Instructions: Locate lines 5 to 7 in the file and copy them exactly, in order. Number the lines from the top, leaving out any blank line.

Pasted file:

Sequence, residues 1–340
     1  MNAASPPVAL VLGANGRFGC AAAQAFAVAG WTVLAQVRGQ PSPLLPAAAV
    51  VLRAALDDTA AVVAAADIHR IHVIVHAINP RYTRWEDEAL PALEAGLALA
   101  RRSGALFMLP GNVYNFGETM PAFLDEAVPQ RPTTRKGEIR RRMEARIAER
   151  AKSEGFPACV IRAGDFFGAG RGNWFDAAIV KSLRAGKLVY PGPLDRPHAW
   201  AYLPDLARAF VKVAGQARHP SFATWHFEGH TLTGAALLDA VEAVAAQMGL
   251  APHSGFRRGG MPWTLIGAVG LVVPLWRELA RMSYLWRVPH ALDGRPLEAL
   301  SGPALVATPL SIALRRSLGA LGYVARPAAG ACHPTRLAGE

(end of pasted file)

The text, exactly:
   151  AKSEGFPACV IRAGDFFGAG RGNWFDAAIV KSLRAGKLVY PGPLDRPHAW
   201  AYLPDLARAF VKVAGQARHP SFATWHFEGH TLTGAALLDA VEAVAAQMGL
   251  APHSGFRRGG MPWTLIGAVG LVVPLWRELA RMSYLWRVPH ALDGRPLEAL